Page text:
New roles of state and citizens essential for marginalized neighborhoods

The interaction between the state and citizens of marginalized neighborhoods does not only take place in cooperation or conflict but also in the spaces ’inbetween’. This is the conclusion of Simone van de Wetering in her dissertation, which she will defend on Monday, June 3, at Tilburg University. It is within this ’in-betweenness’ that something can be achieved.

Cities around the world are growing - and so is urban inequality. In response, many governments increasingly employ participatory approaches that start from the idea that urban change can only be realized together with urban residents. Governance sociologist Simone van de Wetering studied how the interaction between governments and residents of these neighborhoods takes shape within such approaches and what this means, both theoretically and practically, for addressing urban marginality. For this, she used ethnographic methods, analyzing the stories, experiences, and practices of urban professionals and neighborhood residents in Tilburg (the Netherlands) and the Īle-de-France region in France.

New Roles and Relationships

The research shows that the interaction between the state and citizens takes various forms in both the Netherlands and France. Sometimes urban professionals and residents move past each other, for example, when participatory ideals and ambitions play out differently in practice: when ’inclusion’ is the goal, but some residents are unable or unwilling to participate. Sometimes the parties also clash, for instance, when the informal, daily activities of residents, such as young people hanging out on the street, do not match the intended forms of citizen participation, such as a youth council.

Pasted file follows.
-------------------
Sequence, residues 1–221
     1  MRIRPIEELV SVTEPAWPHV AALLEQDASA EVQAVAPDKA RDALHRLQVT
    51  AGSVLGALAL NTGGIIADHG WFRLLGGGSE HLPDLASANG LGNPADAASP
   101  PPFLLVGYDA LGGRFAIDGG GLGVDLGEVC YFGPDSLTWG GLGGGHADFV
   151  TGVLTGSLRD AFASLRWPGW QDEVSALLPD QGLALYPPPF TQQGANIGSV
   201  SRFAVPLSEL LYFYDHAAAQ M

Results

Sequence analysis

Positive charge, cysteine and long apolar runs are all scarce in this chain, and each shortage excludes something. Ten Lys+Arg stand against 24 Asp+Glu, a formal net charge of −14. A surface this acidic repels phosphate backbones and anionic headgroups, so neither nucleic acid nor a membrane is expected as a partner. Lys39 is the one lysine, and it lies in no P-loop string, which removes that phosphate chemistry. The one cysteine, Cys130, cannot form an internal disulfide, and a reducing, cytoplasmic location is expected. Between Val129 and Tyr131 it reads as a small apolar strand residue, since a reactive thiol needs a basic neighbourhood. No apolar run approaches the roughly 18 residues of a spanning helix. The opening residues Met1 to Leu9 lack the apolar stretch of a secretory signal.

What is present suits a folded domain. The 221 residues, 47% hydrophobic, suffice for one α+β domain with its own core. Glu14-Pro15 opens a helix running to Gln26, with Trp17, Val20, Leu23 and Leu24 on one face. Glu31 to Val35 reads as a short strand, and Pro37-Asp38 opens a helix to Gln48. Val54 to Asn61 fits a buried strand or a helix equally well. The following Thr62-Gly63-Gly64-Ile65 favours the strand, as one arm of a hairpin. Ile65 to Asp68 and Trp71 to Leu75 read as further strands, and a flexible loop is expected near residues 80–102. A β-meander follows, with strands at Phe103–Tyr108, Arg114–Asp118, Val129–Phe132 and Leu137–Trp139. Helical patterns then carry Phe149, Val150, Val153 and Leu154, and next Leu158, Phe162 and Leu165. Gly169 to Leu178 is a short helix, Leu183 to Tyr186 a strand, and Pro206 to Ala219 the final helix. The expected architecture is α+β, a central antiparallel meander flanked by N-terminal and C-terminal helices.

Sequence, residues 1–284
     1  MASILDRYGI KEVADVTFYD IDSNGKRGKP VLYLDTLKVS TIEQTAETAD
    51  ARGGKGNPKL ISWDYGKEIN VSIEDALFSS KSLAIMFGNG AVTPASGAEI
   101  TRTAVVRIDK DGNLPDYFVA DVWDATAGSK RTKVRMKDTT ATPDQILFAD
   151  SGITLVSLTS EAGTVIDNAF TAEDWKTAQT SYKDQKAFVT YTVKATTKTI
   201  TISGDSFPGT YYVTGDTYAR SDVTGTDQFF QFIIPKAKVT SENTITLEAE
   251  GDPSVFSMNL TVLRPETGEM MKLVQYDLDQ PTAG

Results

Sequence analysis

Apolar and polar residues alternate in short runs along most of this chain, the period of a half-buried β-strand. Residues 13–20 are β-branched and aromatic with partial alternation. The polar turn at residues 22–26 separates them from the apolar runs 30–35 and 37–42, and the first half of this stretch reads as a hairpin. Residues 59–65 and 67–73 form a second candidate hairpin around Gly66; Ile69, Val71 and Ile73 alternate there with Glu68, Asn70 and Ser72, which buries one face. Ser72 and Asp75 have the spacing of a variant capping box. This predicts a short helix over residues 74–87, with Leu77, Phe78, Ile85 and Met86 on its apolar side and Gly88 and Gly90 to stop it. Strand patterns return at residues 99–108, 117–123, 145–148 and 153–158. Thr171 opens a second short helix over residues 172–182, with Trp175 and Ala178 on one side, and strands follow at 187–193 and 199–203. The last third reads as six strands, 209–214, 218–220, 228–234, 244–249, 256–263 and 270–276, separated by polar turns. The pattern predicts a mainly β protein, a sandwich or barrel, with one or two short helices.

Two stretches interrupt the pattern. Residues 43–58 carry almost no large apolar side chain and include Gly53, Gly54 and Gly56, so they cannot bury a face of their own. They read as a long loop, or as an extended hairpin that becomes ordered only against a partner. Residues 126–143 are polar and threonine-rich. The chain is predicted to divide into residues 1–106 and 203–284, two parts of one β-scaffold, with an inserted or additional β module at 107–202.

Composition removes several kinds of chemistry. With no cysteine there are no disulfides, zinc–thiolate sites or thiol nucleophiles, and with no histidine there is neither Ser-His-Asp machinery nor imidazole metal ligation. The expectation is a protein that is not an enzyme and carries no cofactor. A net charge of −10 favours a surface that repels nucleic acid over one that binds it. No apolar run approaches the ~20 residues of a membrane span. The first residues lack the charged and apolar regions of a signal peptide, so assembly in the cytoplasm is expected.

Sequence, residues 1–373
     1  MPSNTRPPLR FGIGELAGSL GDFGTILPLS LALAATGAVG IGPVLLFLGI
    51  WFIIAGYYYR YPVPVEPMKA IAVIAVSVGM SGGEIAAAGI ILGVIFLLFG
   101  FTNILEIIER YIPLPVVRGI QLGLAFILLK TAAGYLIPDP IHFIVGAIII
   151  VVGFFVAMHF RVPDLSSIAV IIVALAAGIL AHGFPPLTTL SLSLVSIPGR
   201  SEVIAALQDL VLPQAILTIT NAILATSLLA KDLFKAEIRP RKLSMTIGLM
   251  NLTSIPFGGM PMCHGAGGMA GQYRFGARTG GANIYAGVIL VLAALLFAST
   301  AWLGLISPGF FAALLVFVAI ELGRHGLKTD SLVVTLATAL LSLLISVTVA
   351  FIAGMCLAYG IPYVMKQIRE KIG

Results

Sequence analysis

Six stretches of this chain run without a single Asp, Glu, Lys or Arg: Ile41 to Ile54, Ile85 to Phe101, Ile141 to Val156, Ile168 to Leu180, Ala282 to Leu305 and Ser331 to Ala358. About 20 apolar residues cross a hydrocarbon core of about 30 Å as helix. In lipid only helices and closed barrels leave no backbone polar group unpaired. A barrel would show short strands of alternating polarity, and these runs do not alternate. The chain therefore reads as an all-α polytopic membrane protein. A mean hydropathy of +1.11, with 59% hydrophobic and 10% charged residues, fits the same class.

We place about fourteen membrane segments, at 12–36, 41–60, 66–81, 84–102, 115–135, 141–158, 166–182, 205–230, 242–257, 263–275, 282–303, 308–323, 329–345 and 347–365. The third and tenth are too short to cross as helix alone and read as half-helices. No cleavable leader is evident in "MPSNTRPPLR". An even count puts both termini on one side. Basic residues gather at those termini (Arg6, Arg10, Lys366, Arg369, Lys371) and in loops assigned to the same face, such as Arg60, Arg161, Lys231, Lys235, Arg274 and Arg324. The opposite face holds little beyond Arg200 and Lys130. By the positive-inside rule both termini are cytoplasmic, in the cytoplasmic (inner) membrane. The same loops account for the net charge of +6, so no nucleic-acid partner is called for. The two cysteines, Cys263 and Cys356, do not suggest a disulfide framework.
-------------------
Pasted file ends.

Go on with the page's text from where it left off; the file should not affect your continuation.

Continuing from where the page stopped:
However, the state and residents also find common ground: in new roles, in specific places in the neighborhood, and in relationships ’in- between.’ For example, in a resident who also works for the municipality, in relationships of support and recognition between professionals and residents, and in a ’neighborhood home: a building made available to develop neighborhood initiatives - with and by residents.


Moreover, in all these forms of interaction, a ’vulnerability’ or ’otherness’ attributed to marginalized neighborhoods and residents plays a role. In both the Netherlands and France, this leads to what Van de Wetering calls ’paradoxical participatory approaches.’ Citizens are simultaneously positioned as ’active’ and experts, and as vulnerable individuals needing help. In France, this ’otherness,’ more than in the Netherlands, is strongly linked to the stigmatization of the Parisian suburbs (the ’banlieues’).

According to Van de Wetering, these findings illustrate that the relationship between the state and citizens in marginalized neighborhoods is not simply a promise of collaboration fulfilled or purely problematic but exists in a space ’in-between’. In this ’in-between’, the ’vulnerability’ of residents and neighborhoods can be acknowledged and questioned. Thus, it can serve as a foundation for how government and citizens can work together.

Van de Wetering: "It is important to question participation as ’the’ answer, to adopt a reflective attitude towards ideas about ’active citizenship’ and ’vulnerability,’ and to pay attention to the existing relationships ’in-between’."

PhD Defense

Simone van de Wetering will defend her dissertation on June 3, 2024, at 10:00 AM in the auditorium of Tilburg University. Dissertation title: Beyond promise or problem. How state and citizens interact in participatory governance for urban marginality. Supervisors: Prof. M.L.P. Groenleer, Prof. W.G.J. Duyvendak, Prof. F. Hendriks. The defense can also be followed via livestream .